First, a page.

India’s Newest Defence PSUs Have Their Work Cut Out


In a major reorganisation of India’s defence manufacturing complex, the government corporatised the Ordinance Factory Board last year.

From Oct. 1, 2021, all the 41-operating and non-operating units were merged based on the work they do into seven companies wholly owned by the Ministry of Defence.

The PSUs under the Department of Defence Production have been merged based on their function: ammunitions; transport logistics; guns and artillery; weapons hardware; troop accessories like bullet proof jacket, uniforms; electronics like optical instrument; and parachute manufacturing. The final entities are:

Six of these made provisional profit in the six-month period ended March 2022. Yantra was unprofitable but Rajeev Puri, chairman and managing director of the company, said it has been able to reduce its losses and will soon be profitable.

India’s defence industrial complex comprises various R&D institutions that come under the Defence Research and Development Organisation or DRDO. And attached to them are manufacturing units–public and private– that supply arms and ammunition to the armed forces.

The reorganisation of the Ordnance Factory Board is a major step to bring in some parity with the emerging private defence companies. Earlier, all defence acquisitions were largely on a nominated basis. The Ministry of Defence would directly assign production to the board based on requirement from the armed forces.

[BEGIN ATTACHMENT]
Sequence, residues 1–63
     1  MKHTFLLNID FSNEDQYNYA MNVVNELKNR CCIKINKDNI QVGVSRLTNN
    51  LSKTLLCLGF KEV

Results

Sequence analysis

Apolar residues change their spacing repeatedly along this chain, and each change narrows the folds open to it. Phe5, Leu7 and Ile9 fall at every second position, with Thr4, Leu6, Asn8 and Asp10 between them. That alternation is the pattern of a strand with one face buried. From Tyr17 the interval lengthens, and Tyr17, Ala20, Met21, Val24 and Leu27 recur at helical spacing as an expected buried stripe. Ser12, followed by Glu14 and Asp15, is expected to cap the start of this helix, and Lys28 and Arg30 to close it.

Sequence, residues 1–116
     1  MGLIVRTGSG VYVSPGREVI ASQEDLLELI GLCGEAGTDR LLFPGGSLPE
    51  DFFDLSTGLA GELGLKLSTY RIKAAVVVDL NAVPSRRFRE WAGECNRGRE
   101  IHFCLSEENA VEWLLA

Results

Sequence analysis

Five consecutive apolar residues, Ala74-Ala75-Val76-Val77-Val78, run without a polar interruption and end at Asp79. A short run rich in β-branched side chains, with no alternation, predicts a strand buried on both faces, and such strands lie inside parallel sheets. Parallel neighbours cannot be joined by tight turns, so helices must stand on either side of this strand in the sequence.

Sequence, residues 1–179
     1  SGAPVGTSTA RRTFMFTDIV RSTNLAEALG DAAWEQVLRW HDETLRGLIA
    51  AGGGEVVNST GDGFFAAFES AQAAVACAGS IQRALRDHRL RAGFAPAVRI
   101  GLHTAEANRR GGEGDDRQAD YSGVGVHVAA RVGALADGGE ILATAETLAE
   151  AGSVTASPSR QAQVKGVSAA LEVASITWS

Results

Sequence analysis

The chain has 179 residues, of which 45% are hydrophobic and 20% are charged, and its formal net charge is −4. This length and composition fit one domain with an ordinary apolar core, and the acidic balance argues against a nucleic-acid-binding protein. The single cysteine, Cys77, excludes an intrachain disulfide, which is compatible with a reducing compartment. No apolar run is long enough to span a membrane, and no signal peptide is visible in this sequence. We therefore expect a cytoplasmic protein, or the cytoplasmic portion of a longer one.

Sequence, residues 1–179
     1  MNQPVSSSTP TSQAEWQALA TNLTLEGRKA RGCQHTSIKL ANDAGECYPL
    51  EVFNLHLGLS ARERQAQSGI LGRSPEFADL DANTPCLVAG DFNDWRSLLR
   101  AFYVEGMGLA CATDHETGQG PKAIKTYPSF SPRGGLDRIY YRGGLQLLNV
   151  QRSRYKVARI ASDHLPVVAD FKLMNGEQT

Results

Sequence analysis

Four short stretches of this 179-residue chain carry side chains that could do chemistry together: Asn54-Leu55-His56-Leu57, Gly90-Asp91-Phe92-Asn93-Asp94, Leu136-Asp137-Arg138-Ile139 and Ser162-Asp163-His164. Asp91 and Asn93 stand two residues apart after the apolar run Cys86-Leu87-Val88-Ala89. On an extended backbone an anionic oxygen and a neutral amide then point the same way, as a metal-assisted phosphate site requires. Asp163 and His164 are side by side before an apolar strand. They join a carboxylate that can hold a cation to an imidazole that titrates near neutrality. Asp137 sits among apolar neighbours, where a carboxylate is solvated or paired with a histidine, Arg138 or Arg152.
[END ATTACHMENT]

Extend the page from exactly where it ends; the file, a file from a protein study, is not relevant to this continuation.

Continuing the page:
The reorganisation would mean the new defence companies will have to compete against the private sector to bag these orders. Of course, these defence PSUs continue to have the cost advantage in terms of production cost, but it does bring in a level-playing field for the domestic private sector. And here lies the challenge and opportunity. The defence PSUs can now not only compete with the private sector for global orders but also look at newer markets to grow. 

Puri said Yantra eyes a turnover of a billion dollars in the next five years. For the current fiscal, it expects to hit Rs 2,800 crore compared with Rs 1350 crore in the previous financial year. Yantra war created by merging eight OFB manufacturing units.

Russia’s ongoing war in Ukraine has created a demand from nations to augment their arms inventory. And this is helping developing defence manufacturing nations to supply them with arms and ammunitions.

Rajesh Choudhary, the chairman and managing director of Advanced Weapons and Equipment India Ltd., incorporated from merger of eight arms manufacturing units, told BQ Prime that its order book has grown from Rs 4,000 crore in FY22 to Rs 7,000 crore as of September.

The country is creating the defence India stack, including R&D institutions, defence PSUs, private defence companies and startups, and micro, smal and medium enterprises that form the supply chain.


Source link

What is your reaction?

In Love
Not Sure

You may also like

Comments are closed.

More in:Business